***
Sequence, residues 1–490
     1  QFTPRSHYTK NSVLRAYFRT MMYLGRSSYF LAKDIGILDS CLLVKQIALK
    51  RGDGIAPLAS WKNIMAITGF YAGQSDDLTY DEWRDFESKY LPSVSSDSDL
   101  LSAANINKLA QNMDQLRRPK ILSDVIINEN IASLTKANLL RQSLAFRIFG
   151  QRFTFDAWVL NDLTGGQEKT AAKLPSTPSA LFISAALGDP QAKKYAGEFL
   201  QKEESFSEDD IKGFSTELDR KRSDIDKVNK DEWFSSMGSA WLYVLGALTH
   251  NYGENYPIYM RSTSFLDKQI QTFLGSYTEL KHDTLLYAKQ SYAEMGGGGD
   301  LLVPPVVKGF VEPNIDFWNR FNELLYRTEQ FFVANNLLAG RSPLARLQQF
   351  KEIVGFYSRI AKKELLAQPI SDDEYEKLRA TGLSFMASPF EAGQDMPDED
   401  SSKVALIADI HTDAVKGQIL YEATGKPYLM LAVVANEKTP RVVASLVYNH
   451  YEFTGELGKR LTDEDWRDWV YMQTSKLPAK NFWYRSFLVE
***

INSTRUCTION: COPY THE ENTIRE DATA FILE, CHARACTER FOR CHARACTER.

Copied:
Sequence, residues 1–490
     1  QFTPRSHYTK NSVLRAYFRT MMYLGRSSYF LAKDIGILDS CLLVKQIALK
    51  RGDGIAPLAS WKNIMAITGF YAGQSDDLTY DEWRDFESKY LPSVSSDSDL
   101  LSAANINKLA QNMDQLRRPK ILSDVIINEN IASLTKANLL RQSLAFRIFG
   151  QRFTFDAWVL NDLTGGQEKT AAKLPSTPSA LFISAALGDP QAKKYAGEFL
   201  QKEESFSEDD IKGFSTELDR KRSDIDKVNK DEWFSSMGSA WLYVLGALTH
   251  NYGENYPIYM RSTSFLDKQI QTFLGSYTEL KHDTLLYAKQ SYAEMGGGGD
   301  LLVPPVVKGF VEPNIDFWNR FNELLYRTEQ FFVANNLLAG RSPLARLQQF
   351  KEIVGFYSRI AKKELLAQPI SDDEYEKLRA TGLSFMASPF EAGQDMPDED
   401  SSKVALIADI HTDAVKGQIL YEATGKPYLM LAVVANEKTP RVVASLVYNH
   451  YEFTGELGKR LTDEDWRDWV YMQTSKLPAK NFWYRSFLVE